|Two Southern California Corrections Officers Spread the Word About Marrow Donations|
|By Julie Meigs Korinke|
Jonathan Zumkehr and Lt. Michael Randall are officers at the Victorville Federal Correctional Complex in Victorville, Calif., and fierce advocates for marrow registration in Southern California’s High Desert communities.
Blood cancer has touched both of their lives. A few years ago, Michael was diagnosed with Stage 4 non- Hodgkin’s lymphoma and underwent surgery and intense treatment. His cancer is 18 months in remission. Jonathan has seen many friends, colleagues and acquaintances develop a blood cancer over the years – while some found successful matching marrow donors and received successful transplants, others have not.
The officers are passionate about raising awareness in Victorville and throughout neighboring High Desert communities about the need for more people to register as potential marrow donors by joining the national Be The Match Registry®. The registry is run by Be The Match®, the world’s leading nonprofit organization focused on saving lives by matching patients with donors for marrow transplants.
Inspired by Los Angeles Police Department Officer Matthew Medina’s search for a matching marrow donor, Be The Match launched a national campaign called Register & Respond. Many first responders are on the registry, have donated to patients, have received transplants or are searching for a match right now. The campaign goal is to urge more first responders to join the registry and inspire their communities to do the same—for Matt and the thousands of other patients in need of matching donors.
“First responders understand better than anyone the importance of stepping up when lives are on the line,” said Kim Allen, director, community engagement and national accounts. “When they get the call to donate, they’ll be there to respond. That’s why Be The Match partnered with first responders across the country to host donor registry drives and raise awareness about the need for more young, committed marrow donors to join the Be The Match Registry.”
Ahead of the campaign, Jonathan has coordinated a few local donor registry drives to raise awareness and increase the number of marrow donors on the registry, including a mud run. Working with friends and colleagues, he’s planning many more events. Michael is committed to spreading the word, driven by a personal goal to help others see “another Christmas, and spending time with those they love.” Joining the registry is a quick and easy process. People who are interested in joining the thousands that have already signed up to be committed donors can sign up from anywhere with internet access—home, work or even smartphones.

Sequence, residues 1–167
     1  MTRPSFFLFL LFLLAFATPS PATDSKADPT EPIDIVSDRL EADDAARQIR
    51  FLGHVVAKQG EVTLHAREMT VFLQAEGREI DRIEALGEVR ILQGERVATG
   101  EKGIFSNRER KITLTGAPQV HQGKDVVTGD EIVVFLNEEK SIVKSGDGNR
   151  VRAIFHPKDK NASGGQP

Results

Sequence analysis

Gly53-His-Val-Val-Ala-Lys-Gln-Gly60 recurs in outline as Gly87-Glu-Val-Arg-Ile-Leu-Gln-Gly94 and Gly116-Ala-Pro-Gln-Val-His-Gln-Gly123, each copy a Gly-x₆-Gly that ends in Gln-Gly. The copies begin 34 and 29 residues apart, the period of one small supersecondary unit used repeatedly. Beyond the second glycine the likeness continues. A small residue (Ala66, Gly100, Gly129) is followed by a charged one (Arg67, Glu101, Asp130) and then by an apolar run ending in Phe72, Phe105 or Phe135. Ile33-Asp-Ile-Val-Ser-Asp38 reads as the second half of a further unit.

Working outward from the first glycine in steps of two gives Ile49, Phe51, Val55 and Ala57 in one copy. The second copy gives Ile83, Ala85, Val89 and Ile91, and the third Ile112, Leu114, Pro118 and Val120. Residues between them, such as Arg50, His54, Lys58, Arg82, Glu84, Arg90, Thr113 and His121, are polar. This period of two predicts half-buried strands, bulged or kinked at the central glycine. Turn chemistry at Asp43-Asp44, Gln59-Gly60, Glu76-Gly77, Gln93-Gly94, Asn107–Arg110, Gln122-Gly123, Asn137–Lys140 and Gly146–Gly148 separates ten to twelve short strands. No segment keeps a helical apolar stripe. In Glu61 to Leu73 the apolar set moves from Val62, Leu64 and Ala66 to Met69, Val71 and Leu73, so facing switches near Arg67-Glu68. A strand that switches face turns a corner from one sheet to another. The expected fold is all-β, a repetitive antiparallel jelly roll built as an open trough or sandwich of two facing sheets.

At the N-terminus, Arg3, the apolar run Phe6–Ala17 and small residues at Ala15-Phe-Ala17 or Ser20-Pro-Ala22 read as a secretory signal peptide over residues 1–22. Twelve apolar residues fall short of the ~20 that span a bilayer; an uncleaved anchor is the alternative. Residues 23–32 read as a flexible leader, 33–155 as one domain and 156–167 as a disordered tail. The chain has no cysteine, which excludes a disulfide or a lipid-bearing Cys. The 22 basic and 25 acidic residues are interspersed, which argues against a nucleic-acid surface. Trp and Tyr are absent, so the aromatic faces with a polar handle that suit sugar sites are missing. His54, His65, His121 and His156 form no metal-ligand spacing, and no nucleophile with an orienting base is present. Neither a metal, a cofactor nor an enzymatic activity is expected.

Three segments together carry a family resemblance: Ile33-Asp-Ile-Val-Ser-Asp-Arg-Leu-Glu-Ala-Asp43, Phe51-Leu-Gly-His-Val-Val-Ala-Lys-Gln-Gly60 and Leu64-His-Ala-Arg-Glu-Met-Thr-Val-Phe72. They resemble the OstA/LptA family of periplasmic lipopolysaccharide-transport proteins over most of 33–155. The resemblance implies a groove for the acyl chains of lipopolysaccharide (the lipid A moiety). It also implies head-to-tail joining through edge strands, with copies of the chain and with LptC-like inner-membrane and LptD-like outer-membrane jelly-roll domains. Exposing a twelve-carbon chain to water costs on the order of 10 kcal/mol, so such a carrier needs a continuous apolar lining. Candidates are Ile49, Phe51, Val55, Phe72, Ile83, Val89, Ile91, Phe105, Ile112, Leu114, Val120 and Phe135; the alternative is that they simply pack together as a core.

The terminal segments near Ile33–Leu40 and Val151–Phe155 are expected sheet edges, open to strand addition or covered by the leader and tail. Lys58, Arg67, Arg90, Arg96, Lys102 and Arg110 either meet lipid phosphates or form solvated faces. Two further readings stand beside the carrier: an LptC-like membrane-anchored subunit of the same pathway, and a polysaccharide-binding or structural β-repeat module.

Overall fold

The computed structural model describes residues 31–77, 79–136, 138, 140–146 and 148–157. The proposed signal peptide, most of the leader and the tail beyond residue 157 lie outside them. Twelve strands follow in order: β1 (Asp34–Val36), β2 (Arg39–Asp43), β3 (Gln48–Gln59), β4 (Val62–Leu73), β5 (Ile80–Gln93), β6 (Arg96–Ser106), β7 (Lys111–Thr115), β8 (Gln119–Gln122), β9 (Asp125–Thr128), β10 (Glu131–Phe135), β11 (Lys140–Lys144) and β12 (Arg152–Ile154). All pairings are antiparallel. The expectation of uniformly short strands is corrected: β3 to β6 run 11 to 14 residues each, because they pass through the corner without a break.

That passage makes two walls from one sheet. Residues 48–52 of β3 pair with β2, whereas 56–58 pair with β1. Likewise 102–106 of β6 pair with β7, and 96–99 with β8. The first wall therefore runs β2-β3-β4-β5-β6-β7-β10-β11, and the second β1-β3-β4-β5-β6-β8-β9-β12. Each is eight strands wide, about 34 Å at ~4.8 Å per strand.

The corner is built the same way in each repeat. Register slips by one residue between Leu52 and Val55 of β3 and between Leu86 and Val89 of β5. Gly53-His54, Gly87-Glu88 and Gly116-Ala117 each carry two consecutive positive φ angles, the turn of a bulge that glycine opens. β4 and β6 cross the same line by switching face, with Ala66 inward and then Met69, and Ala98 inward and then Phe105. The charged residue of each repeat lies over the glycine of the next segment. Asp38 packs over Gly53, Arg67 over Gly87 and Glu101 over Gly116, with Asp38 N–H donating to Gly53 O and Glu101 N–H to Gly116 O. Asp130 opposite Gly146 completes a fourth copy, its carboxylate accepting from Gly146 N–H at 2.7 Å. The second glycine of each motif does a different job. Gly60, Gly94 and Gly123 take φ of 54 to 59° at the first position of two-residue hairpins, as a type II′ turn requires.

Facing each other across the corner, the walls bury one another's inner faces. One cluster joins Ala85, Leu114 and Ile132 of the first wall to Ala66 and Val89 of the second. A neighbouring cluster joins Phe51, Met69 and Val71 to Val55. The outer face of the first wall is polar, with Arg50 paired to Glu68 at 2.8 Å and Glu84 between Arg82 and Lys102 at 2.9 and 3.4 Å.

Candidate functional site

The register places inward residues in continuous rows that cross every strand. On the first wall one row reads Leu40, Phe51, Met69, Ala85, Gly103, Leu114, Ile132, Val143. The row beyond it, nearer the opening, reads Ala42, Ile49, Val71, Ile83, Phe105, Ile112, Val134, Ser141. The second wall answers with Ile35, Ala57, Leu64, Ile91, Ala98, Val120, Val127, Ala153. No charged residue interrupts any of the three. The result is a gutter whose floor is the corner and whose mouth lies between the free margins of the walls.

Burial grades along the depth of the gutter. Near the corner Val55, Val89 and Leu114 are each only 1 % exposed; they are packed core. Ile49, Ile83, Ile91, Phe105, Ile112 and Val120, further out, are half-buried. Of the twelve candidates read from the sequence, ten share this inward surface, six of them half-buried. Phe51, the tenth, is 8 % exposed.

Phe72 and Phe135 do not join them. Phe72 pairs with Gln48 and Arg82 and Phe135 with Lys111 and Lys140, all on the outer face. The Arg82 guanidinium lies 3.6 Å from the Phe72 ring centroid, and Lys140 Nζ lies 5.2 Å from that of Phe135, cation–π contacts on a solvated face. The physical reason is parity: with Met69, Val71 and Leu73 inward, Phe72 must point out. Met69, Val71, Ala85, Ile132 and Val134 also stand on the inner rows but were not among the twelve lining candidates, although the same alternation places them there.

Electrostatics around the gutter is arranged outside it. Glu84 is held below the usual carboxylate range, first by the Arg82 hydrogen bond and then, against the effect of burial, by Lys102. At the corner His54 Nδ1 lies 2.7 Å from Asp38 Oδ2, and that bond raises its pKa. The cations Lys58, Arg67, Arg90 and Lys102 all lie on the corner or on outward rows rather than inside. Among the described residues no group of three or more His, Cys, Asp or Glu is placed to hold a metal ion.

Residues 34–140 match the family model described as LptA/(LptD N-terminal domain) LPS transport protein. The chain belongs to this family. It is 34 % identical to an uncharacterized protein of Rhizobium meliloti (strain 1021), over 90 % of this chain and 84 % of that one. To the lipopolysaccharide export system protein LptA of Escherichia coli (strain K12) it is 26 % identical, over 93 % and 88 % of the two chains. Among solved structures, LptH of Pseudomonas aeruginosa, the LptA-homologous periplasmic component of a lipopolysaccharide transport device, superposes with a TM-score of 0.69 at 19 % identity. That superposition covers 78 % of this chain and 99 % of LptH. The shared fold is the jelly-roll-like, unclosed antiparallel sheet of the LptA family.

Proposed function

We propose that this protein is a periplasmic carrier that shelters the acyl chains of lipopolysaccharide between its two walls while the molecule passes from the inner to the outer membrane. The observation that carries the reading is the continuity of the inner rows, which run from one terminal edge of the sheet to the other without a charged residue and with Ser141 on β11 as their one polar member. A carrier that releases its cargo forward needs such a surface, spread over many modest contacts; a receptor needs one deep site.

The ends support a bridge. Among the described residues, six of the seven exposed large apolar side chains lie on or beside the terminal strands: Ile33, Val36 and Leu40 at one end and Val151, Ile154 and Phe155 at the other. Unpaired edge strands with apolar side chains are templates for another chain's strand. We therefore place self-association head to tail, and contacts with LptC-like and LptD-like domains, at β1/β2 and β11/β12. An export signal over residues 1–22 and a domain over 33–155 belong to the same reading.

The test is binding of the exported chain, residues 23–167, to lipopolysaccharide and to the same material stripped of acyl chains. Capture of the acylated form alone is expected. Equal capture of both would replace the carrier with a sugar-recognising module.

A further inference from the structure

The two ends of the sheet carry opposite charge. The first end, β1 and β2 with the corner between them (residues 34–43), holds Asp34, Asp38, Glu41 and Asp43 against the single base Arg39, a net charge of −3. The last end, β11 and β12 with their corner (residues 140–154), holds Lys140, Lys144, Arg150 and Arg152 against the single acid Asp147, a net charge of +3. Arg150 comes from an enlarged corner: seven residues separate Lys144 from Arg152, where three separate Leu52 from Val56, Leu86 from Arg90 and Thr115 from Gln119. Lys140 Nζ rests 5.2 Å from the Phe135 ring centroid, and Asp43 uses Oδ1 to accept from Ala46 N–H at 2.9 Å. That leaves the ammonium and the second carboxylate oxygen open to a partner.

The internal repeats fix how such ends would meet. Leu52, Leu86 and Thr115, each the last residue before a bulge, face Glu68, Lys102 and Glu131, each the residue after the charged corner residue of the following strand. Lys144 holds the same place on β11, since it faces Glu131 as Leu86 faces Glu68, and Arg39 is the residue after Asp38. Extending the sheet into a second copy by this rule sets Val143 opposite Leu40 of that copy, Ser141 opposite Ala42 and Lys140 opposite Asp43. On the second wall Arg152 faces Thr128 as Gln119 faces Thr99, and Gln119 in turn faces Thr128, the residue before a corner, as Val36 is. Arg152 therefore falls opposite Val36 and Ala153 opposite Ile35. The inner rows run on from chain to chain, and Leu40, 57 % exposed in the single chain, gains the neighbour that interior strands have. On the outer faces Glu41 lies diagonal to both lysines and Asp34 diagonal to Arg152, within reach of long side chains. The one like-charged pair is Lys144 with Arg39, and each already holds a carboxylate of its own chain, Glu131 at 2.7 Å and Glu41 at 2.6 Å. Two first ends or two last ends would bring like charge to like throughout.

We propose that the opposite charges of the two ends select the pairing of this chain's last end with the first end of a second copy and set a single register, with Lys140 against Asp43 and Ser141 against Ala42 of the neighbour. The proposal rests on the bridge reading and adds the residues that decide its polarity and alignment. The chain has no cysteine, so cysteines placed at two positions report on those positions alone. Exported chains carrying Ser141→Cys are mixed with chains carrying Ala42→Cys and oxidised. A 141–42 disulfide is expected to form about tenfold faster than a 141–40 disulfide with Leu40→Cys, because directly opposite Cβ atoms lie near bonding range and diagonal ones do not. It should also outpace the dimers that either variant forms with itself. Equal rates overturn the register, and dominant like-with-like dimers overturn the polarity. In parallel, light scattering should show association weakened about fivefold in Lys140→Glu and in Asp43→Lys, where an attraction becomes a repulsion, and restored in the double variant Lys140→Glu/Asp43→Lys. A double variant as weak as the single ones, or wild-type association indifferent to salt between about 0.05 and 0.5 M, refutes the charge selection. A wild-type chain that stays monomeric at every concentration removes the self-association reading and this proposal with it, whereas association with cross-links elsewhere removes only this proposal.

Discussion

If a donor is called to be a match for a patient, Be The Match sets up the entire procedure. Most people give through a peripheral blood stem cell (PBSC) donation. A machine draws blood from one arm, extracts the cells it needs, and returns the remaining blood back to the body through the other arm. For some people, the doctor will need to extract marrow directly from the back of the donor’s pelvic bone with a needle. In this case, the donor receives anesthesia and feels no pain during the procedure.
To learn more or join the registry, visit https://www.youcouldbethecure.org/register2respond/.
Julie Meigs Korinke is a Community Engagement Representative in the Southwest District of Be The Match, Julie has been with the organization since 2014. She helps to grow and diversify the registry of marrow donors by building community partnerships, sharing patient and donor stories and education. Julie has a strong background in communications and holds a Bachelor of Arts degree in Psychology from Chapman University.
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